This was a first for this kind of content in the Google SERPs, which is now a lot more common as Google extends its knowledge graph.
At time of writing, these kind of interfaces aren’t appearing for the World Cup. I’ve only seen a card with start and end dates, but this may change. Of course, the knowledge graph is better developed than in 2014 and Google gives up quite a lot of results page real estate to cards when one searches for a well-known footballer or team (see below once more)
Dan Barker discussed possible motivation for Google to do this with its SERPs at the time. Whether to include product searches or to simply enhance the walled garden and G+ interaction, perhaps we’ll see more of this for the World Cup.
LOCOG’s Google Doodles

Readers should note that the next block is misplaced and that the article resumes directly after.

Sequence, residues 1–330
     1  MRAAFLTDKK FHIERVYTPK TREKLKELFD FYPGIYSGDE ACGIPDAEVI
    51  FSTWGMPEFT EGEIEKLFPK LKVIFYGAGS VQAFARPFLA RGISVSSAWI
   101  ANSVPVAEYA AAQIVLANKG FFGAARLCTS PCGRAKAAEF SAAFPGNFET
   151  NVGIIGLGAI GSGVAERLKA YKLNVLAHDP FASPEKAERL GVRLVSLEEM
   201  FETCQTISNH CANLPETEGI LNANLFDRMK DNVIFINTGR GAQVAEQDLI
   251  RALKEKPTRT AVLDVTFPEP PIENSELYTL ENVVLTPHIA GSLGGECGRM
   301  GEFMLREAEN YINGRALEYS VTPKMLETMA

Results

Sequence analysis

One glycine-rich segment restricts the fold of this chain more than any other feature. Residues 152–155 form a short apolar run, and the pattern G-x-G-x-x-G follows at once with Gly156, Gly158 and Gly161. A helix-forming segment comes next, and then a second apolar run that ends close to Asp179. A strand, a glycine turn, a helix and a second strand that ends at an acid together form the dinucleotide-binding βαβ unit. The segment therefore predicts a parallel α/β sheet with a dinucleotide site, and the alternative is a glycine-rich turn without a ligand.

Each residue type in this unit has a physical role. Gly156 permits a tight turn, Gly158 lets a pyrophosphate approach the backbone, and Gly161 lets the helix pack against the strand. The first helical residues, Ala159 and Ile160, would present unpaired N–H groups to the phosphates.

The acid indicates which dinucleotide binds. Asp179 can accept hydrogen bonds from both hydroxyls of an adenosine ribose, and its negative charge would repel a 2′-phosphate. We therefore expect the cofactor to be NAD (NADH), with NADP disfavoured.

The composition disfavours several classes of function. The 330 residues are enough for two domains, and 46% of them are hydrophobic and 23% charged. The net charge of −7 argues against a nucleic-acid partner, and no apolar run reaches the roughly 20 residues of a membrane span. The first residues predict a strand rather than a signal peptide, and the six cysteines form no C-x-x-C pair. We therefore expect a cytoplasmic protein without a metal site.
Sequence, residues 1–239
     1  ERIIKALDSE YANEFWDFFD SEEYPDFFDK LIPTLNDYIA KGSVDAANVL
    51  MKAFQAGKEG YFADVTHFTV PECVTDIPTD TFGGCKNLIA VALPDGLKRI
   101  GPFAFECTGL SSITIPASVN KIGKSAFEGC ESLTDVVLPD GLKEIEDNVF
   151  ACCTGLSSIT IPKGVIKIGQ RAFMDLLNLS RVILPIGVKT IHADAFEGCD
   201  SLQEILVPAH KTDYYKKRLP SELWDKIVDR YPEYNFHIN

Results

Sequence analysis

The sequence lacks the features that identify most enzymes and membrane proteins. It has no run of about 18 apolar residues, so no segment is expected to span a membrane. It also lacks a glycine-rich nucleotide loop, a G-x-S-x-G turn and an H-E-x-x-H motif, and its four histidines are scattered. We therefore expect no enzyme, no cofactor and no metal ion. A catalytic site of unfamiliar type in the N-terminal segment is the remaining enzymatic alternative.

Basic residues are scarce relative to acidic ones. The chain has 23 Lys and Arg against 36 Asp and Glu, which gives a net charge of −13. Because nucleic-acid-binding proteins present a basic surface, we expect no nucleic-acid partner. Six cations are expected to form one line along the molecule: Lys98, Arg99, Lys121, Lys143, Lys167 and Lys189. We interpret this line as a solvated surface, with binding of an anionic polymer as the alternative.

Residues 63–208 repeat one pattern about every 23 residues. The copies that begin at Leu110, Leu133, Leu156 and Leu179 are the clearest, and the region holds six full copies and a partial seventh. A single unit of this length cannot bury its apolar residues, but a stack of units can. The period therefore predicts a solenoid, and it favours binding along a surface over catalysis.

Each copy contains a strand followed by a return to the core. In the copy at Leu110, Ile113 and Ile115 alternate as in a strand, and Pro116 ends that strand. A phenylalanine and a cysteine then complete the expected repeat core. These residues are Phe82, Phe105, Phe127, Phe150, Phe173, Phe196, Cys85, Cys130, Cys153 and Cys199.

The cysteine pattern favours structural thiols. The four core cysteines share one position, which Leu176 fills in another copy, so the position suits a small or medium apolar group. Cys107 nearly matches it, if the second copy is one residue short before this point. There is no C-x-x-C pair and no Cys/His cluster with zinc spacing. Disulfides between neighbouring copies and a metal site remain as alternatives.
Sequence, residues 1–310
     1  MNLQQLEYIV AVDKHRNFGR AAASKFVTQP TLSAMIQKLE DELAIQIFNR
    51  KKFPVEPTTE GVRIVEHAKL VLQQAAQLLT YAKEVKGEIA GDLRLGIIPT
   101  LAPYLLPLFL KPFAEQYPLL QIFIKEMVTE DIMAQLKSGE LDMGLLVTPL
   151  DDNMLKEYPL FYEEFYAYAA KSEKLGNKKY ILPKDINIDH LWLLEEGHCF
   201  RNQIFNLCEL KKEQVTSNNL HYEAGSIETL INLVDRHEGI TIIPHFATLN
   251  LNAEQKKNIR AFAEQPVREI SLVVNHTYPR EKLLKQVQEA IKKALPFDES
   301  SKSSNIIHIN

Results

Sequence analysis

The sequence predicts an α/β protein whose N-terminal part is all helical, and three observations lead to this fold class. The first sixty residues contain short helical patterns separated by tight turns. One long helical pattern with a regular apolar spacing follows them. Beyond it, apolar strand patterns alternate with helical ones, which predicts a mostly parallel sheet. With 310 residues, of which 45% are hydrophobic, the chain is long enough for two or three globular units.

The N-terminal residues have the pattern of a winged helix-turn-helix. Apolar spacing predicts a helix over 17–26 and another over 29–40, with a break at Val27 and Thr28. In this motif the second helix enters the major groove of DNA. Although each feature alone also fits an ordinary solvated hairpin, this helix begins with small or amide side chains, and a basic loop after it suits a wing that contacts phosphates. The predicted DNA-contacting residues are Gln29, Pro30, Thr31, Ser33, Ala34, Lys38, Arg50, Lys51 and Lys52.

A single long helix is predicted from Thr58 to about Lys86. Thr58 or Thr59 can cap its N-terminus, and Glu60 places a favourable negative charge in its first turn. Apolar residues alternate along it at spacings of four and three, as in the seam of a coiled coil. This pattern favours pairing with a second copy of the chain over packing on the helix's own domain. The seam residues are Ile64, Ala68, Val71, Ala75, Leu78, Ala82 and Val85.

Google’s London 2012 interactive elements
Lionel Messi in the Google SERPs
England football team in the Google SERPs (with interactive scrolling squad element)
The big bang campaigns – do they represent value for money?
Arguably Coca Cola, Pepsi and Nike have produced the most notable big splash campaigns going into World Cup 2014.
I contrasted the Coca Cola and Pepsi videos in April on this blog. Despite the fact that, anecdotally, I thought the Coca Cola advert more shareable, Pepsi has been performing more strongly with 1.43m YouTube views compared to Coca Cola’s 1.27m.
Partly this may be down to Pepsi giving its ad more TV air-time in the lead up to the World Cup, given the brand isn’t an official sponsor like Coca Cola. The featured footballers, though arguably not included in too innovative a fashion, are perhaps what the target demographic wants to see.